I recently finished reading George Beaton’s and Imme Kaschner’s Remaking Law Firms: Why & How (ABA Press: 2016) (George, who I’ve known for years and count a friend, was kind enough to have the ABA provide me a pre-publication copy) and I’d like to share my thoughts.

First, for those of you who may not be familiar with the authors (I do not know Dr Kaschner and have not met or talked with her), here are their capsule bio’s:

Dr George Beaton MD MBA PhD has guided clients through a wide variety of business and strategic decisions in his 25 years as an advisor and researcher working with law and other professional services firms. George’s practice is focused on corporate advisory, client-centric performance improvement, and trouble-shooting engagements.

George’s background in teaching business strategy in the Business and Law Schools of The University of Melbourne, where he is a Senior Fellow, combined with his advisory work give him deep knowledge of the challenges and opportunities facing law firm leaders and their firms.

Dr Imme Kaschner JD MD was admitted as an Australian lawyer in March 2015, following her graduation from the Melbourne Law School JD program in 2013. Her interest in how complex systems, including the legal services industry, work and change, led to the cooperation with George, first project managing the compilation of the e-book NewLaw New Rules: A Conversation on the Future of the Legal Services Industry, and now coauthoring Remaking Law Firms: Why and How.

Besides the authors, the book includes contributions—mostly in the form of quotes from emails and phone interviews—from no fewer than 40 other people, drawn from BigLaw leadership, consultancies, academe, and the various new entrants into Law Land (Axiom, Deloitte, PwC, Elevate, Lawyers On Demand, etc.)

George is a hands-on consultant and his background clearly shows in the book. A simple glance at the Table of Contents tells you as much:

1> Introduction

2> The Legal Services Industry Today

3> Porter’s Five Forces and Maister Maxed Out

4> Clients of the Future

5> The 2025 Kaleidoscope Scenario

6> Diagnosing Your Firm’s Readiness for Change

7> Designing the Busines Model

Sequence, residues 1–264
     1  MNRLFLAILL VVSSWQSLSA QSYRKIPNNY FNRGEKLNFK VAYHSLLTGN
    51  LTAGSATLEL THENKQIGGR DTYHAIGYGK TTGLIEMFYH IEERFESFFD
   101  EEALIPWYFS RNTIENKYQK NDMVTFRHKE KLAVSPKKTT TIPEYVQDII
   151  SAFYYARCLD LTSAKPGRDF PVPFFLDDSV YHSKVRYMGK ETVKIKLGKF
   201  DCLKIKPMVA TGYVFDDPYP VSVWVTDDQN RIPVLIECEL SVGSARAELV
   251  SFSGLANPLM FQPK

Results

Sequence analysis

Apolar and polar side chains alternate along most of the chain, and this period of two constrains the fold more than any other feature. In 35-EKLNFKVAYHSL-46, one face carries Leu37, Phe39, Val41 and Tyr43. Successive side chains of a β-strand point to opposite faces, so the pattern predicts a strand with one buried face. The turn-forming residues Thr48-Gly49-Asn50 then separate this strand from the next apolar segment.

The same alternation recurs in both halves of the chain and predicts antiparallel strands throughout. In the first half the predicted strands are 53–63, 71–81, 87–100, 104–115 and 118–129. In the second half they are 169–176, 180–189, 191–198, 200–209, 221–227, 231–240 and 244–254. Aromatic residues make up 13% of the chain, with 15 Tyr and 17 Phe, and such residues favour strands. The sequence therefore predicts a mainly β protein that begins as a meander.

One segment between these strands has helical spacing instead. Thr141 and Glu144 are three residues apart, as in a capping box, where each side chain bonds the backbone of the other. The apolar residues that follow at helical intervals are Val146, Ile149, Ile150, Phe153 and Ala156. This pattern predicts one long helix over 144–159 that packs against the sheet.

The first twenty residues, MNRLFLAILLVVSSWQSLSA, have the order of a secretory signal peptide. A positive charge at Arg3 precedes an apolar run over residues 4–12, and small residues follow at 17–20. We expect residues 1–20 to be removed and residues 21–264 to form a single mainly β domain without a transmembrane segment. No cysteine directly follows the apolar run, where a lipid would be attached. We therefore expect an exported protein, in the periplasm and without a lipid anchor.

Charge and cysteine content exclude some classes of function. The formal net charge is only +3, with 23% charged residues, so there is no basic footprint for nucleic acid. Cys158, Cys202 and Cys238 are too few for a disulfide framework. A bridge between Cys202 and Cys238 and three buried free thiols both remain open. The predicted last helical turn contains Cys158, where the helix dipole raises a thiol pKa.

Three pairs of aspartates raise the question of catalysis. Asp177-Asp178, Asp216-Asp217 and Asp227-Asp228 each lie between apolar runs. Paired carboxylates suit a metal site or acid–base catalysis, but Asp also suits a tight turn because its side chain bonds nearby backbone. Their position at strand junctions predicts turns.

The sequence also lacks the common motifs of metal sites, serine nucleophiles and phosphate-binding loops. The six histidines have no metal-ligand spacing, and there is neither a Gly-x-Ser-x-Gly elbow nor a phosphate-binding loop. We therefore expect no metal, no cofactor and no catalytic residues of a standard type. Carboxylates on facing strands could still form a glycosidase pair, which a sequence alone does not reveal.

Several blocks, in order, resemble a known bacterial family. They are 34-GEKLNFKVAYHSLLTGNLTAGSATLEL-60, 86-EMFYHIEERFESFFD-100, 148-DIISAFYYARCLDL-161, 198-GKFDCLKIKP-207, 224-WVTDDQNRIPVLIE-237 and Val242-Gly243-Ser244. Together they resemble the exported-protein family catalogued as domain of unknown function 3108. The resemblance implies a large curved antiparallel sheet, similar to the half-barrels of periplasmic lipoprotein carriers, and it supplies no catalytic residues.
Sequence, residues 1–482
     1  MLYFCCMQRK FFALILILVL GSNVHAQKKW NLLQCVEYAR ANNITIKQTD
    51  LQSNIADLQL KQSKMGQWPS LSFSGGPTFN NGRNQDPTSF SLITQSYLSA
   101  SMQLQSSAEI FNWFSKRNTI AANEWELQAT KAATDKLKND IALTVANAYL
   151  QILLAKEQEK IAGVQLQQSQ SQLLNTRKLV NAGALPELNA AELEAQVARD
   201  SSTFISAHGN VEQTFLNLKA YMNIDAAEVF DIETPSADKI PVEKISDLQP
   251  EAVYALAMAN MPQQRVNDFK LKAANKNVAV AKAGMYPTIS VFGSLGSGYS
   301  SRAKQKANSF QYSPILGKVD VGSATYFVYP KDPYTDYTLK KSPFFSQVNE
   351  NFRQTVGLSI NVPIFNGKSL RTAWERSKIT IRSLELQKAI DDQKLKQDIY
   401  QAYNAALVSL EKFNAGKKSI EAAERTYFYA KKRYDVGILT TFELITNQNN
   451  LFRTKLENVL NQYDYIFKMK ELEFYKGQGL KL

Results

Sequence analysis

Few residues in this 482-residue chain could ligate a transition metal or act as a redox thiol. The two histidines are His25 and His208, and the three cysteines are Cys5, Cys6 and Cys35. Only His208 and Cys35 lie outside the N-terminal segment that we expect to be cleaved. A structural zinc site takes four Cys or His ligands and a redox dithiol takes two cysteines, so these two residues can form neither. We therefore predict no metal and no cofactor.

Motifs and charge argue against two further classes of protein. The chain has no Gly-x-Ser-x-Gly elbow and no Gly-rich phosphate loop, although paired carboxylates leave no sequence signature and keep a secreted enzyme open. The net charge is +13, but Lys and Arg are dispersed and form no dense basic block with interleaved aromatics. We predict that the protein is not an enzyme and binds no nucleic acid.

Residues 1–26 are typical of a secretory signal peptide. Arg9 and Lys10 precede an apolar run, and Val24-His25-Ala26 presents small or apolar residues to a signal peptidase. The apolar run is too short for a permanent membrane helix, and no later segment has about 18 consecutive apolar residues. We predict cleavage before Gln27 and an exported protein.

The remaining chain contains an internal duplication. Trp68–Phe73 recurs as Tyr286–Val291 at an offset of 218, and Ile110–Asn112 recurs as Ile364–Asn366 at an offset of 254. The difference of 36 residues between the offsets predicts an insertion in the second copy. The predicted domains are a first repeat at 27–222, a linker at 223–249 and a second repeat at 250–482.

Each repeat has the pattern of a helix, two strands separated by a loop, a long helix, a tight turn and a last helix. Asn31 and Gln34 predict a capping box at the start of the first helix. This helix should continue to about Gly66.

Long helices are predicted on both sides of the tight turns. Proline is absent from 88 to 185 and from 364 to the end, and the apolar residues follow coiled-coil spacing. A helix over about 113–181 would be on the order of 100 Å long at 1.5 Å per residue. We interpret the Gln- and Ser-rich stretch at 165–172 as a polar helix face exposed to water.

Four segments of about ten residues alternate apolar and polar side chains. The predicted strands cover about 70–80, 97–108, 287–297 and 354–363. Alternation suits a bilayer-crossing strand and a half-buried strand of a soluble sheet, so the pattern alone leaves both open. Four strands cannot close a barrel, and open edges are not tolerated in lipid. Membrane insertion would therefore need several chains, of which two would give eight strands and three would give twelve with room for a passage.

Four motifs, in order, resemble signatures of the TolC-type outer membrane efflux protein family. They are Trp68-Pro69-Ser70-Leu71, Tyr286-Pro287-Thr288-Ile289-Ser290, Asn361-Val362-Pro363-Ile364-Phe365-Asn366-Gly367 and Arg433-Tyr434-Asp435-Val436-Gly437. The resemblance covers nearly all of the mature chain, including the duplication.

8> Brand, Marketing, and Business Development

9> Pricing and Fee Arrangements

10> Sourcing and Outsourcing

11> Legal Project Management and Process Improvement

12> Technology, Knowledge Management, and Analytics

13> Partners, Innovation, and Change

14> Outlook

Other reviewers of the book have picked up the same theme of a same practical approach. For example:

[The book] offers law firm leaders a comprehensive and pragmatic examination of the present and future legal landscape and what firms can do to make the most of it.  As the title suggests, Beaton believes law firms must remake themselves.  He provides very valuable counsel on how they should do it.—Ralph Baxter, Former Chairman & CEO of Orrick, Herrington & Sutcliffe LLP

George Beaton and Imme Kaschner build a compelling case for change with this accessible, research-based, and remarkably wide-ranging resource for building the future of our profession and practices, inside firms and in-house. —Fred Headon, Canadian Bar Association: Chair of the Legal Futures Initiative and Immediate Past President | Air Canada: Assistant General Counsel, Labour and Employment Law

The book begins from the premise that changes in client demand are driving deep changes in the legal services industry which law firms will have to adapt to by remaking their own business models including learning from and joining forces with other legal service providers that aren’t law firms. It proceeds to discuss the key engines behind the changes that are underway including digitization, a heightened focus on delivering commoditized services efficiently and reliably and a decreased focus on bespoke and artisanal work, client buying power, and the emergence of substitution and disaggregation.

The book then walks us through the application of two all-time classic strategic models to BigLaw: Michael Porter’s Five Forces, and David Maister’s profitability analysis. For those of you rusty on your Porter, here it is in summary visual form:


Applying this model to BigLaw (I’ve done it myself; it’s a classic, as I said) does not generate warm and fuzzy results these days:

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